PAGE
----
Rethinking a century of fluid flows
In 1922, English meteorologist Lewis Fry Richardson published Weather Prediction by Numerical Analysis. This influential work included a few pages devoted to a phenomenological model that described the way that multiple fluids (gases and liquids) flow through a porous-medium system and how the model could be used in weather prediction.
Since then, researchers have continued to build on and expand Richardson's model, and its principles have been used in fields such as petroleum and environmental engineering, hydrology, and soil science.
Cass Miller and William Gray, professors at the University of North Carolina at Chapel Hill, are two such researchers working together to develop a more complete and accurate method of fluid flow modeling.
Through a US Department of Energy (DOE) INCITE award, Miller and his team have been granted access to the IBM AC922 Summit supercomputer at the Oak Ridge Leadership Computing Facility (OLCF), a DOE Office of Science User Facility located at DOE's Oak Ridge National Laboratory (ORNL). The sheer power of the 200-petaflop machine means Miller can approach the subject of two-fluid flows (mixtures of liquids or gases) in a way that would have been inconceivable in Richardson's time.
Miller's work focuses on the way that two-fluid flows through porous media (rocks or wood, for example) are calculated and modeled. Numerous factors influence the movement of fluids through porous media, but for differing reasons, not all computational approaches consider them. In general, the basic phenomena that affect the transport of these fluids—such as the transfer of mass and momentum—are well-understood by researchers at a small scale and can be calculated accurately.
"If you look at a porous-media system at a smaller scale," Miller said, "a continuum scale where say, for example, a point exists entirely within one fluid phase or within a solid phase, we understand transport phenomena on that scale relatively well—we call that the microscale. Unfortunately, we can't solve very many problems at the microscale. As soon as you start thinking about where the solid particles are and where each fluid is, it becomes computationally and pragmatically overwhelming to describe a system at that scale."
To resolve this scale issue, researchers have traditionally approached most practical fluid flow problems at the macroscale, a scale at which computation becomes more feasible. Because numerous real-world applications require answers to multiple fluid flow problems, scientists have had to sacrifice certain details in their models for the purpose of accessible solutions. Further, Richardson's phenomenological model was written down with no formal derivation at the larger scale, meaning that fundamental microscale physics, for example, are not represented explicitly in traditional macroscale models.
In Richardson's day, these omissions were sensible. Without modern computational methods, linking microscale physics to a large-scale model was a nearly unthinkable task. But now, with help from the fastest supercomputer in the world for open science, Miller and his team are bridging the divide between the microscale and macroscale. To do so, they have developed an approach known as Thermodynamically Constrained Averaging Theory (TCAT).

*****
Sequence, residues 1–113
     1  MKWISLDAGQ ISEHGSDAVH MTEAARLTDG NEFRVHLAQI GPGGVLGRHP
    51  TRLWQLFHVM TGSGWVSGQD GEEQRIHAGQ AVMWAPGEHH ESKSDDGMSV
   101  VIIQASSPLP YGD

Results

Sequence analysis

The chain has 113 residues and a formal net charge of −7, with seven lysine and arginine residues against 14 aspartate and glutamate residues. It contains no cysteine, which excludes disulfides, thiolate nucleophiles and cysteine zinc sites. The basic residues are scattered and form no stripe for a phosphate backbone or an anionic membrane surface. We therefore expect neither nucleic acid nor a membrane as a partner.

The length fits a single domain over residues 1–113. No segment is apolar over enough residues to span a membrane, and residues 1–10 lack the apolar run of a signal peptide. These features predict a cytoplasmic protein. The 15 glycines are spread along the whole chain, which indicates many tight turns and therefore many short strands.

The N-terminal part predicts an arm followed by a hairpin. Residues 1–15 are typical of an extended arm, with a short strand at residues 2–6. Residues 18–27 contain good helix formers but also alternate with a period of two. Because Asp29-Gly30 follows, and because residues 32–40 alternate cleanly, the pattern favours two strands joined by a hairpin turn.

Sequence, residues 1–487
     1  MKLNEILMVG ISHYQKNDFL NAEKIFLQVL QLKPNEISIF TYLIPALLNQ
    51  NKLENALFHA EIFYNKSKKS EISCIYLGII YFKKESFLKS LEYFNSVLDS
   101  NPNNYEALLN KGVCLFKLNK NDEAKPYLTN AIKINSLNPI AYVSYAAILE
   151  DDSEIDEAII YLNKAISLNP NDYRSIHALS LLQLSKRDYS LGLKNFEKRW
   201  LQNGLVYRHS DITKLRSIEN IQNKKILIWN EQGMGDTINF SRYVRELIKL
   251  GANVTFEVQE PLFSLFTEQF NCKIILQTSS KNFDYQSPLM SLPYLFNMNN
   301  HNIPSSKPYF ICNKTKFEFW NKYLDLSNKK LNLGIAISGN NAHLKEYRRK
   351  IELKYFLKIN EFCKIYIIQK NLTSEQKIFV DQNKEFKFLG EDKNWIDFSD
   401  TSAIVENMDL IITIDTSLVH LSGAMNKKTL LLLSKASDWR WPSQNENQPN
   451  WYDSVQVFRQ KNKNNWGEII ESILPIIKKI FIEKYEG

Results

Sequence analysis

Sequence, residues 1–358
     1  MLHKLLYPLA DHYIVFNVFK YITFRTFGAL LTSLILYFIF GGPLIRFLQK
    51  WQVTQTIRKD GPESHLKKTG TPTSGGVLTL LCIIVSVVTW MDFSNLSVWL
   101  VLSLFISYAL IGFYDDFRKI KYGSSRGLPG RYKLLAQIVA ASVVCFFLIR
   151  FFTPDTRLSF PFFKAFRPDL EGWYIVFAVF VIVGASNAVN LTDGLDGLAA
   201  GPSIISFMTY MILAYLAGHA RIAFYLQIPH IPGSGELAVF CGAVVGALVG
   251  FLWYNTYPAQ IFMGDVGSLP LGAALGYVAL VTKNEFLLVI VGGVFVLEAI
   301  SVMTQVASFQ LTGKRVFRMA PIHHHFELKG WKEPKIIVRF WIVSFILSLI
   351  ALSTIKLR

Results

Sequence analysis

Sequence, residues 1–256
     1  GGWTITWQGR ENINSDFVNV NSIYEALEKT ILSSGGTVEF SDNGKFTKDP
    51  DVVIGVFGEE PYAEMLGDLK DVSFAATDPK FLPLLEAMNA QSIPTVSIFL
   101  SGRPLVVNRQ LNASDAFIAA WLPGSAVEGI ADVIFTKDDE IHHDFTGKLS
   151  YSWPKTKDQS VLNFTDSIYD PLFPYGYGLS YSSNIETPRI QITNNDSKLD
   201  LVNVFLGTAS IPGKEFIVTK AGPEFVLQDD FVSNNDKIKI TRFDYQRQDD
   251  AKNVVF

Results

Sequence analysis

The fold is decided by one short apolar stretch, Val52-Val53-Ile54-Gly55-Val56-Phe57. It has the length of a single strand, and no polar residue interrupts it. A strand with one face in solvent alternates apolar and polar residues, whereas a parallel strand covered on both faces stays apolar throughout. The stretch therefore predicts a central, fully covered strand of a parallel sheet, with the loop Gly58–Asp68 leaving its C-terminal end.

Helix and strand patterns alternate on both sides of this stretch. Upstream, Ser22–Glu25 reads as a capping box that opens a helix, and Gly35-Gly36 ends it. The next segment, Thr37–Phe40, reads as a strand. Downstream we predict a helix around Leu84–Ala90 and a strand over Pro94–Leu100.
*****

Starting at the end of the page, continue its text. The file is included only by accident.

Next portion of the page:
"The idea of TCAT is to overcome these limitations," Miller said. "Can we somehow start from physics that are well or better understood and get to models that describe the physics for the systems that we're interested in at the macroscale?"
The TCAT approach
Physics at the microscale provides a fundamental groundwork for representing transport phenomena through porous media systems. To solve problems that are of interest to society, however, Miller's team needed to find a way to translate these first principles into large-scale mathematical models.
"The idea behind the TCAT model is that we start from the microscale," Miller said, "and we take that smaller-scale physics, which includes thermodynamics and conservation principles, and we move all of that up to the larger scale in a rigorous mathematical fashion where, out of necessity, we have to apply these models.
Miller's team uses Summit to help understand the detailed physics acting at the microscale and uses the results to help validate the TCAT model.
"We want to evaluate this new theory by pulling it apart and looking at individual mechanisms and by looking at larger systems and the overall model," Miller said. "The way that we do that is computation on a small scale. We routinely do simulations on lattices that can have up to billions of locations, in excess of a hundred billion lattice sites in some cases. That means we can accurately resolve the physics at a refined scale for systems that are sufficiently large to satisfy our desire to evaluate and validate these models.
"Summit provides a unique resource that enables us to perform these highly resolved microscale simulations to evaluate and validate this exciting new class of models," he added.
Mark Berrill of the OLCF's Scientific Computing Group collaborated with the team to enable analysis of the high-resolution microscale simulations.
To continue the work, Miller and his team have been awarded another 340,000 node hours on Summit through the 2020 INCITE program.
"While we have the theory worked out for how we can model these systems at a larger scale, we are working through INCITE to evaluate and validate that theory and ultimately reduce it to a routine practice that benefits society," Miller said.